Every employee I speak to wants to know what they are worth. What they should be asking is how do I make myself worth more? Yes, employers want to ensure they are paying a fair market rate for the job being undertaken, but ultimately your worth to a company comes down to your individual contribution to profit.
Or, how good is your hand?
Employee salaries are a bit like poker. In the song “The Gambler”, the lyrics go:
“You have to know when to hold em’, Know when to fold em’, Know when to walk away, Know when to run.”
Look at Texas Hold Em, for example. Each player has cards in their hands that only they can see, and there are five cards in the middle that every player can use to make the strongest hand possible. The game should be about who has the best cards, but it instead becomes about who represents the best hand. Bluffing and playing strong when you are weak is a common practice. You sometimes need to make others at the table think you have a pair of aces, when maybe you may only have a pair of two’s.
When you want to work out your salary, or your individual contribution to profit (your worth), you need to work out what you are holding.
Ranking your cards or contribution to the bottom line could be as follows:
You are in a profit centre management-based role. Your job is about making investment decisions and shaping revenue streams. Without you, the business is not having any revenue growth. The strongest hand.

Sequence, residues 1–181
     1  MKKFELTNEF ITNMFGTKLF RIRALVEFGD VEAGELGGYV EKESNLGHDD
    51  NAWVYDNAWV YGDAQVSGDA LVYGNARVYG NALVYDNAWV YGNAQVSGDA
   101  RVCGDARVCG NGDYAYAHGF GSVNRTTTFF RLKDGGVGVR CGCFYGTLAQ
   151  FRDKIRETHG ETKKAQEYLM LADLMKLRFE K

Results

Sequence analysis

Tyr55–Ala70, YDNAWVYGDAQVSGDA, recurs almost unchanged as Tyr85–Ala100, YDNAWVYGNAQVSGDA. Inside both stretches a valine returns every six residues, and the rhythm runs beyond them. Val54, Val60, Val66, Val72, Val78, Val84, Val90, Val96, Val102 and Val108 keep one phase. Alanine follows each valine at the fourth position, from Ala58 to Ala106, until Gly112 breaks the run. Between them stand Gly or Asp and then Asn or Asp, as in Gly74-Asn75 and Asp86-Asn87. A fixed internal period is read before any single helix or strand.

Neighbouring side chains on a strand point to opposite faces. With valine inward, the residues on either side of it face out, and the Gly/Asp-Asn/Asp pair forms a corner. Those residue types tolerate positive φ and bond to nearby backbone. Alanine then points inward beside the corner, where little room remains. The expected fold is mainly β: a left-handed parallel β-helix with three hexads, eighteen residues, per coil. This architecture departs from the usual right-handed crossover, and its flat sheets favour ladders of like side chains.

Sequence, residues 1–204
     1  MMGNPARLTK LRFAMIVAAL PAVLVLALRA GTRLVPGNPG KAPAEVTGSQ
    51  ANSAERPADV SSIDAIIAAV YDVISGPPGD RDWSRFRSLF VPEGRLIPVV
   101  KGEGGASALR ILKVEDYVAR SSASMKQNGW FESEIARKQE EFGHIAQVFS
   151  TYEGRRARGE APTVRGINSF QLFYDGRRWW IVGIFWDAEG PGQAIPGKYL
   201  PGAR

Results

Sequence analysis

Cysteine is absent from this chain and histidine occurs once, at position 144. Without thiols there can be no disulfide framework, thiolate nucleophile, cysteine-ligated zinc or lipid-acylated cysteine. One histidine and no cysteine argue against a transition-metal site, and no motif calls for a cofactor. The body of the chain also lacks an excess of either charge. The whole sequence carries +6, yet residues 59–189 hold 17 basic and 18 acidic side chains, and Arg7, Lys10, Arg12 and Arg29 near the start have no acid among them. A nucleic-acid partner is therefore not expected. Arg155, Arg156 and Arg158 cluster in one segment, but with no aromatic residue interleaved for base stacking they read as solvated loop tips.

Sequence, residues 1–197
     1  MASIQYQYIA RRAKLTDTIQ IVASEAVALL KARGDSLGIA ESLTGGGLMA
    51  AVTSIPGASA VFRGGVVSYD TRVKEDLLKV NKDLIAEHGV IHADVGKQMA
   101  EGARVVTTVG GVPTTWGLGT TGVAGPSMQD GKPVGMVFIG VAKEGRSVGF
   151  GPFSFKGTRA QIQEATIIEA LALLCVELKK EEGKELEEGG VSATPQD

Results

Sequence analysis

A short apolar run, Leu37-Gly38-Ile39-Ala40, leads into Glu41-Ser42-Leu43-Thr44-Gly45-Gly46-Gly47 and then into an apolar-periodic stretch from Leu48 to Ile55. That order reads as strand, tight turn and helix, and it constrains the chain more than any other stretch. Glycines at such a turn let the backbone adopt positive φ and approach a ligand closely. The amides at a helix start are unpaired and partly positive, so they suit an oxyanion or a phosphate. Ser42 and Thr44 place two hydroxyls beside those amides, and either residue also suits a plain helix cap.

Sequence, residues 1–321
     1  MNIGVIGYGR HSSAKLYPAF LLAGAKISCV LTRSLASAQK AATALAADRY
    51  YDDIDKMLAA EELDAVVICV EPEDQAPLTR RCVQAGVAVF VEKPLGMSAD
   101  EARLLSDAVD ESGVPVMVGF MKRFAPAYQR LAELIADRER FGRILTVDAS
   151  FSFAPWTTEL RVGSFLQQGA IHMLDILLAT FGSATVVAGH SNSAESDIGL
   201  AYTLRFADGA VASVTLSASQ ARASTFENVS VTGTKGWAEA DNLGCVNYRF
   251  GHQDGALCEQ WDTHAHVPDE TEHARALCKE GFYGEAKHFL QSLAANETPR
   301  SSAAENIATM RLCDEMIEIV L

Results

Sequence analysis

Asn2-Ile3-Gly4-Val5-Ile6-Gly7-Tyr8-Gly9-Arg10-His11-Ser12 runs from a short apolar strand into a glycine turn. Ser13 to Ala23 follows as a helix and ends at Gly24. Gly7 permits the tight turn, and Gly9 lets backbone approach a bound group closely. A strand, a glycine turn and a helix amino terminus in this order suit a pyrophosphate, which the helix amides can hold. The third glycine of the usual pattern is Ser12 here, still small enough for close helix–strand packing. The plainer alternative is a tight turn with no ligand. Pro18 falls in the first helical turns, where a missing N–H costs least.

Your position involves creating sales and securing revenue. A strong position as all businesses need sales to survive.
Not bad but not as strong as others. You are most likely in an important position, managing real risks and ensuring products or projects are delivered in line with cost, quality and time requirements. Most likely managing a team of people and external providers.
Not a great position, even a pair of Aces can be knocked off pretty easily. You are most likely in a supporting function, not creating any improvements, just doing as you are told. Important but you need to do more than what is expected to have a stronger hand.
To be of greater value to any business you work with, you should take the opportunity to understand how the business generates its revenue, and assist with this endeavour where ever possible. Trying to create efficiency around the cost of doing business should never be forgotten, but without revenue you are just burning cash. Once you understand how you can contribute to grow revenue, your value as an employee goes up commensurably. You are no longer seen as an overhead but rather a valuable contributor to the bottom line.
Take the time to figure out your hand and how to make it of greater value. If you try and bluff to have a win, without taking the time to understand where you sit at the table (and getting paid a big salary without making the contribution required), you are playing a dangerous game.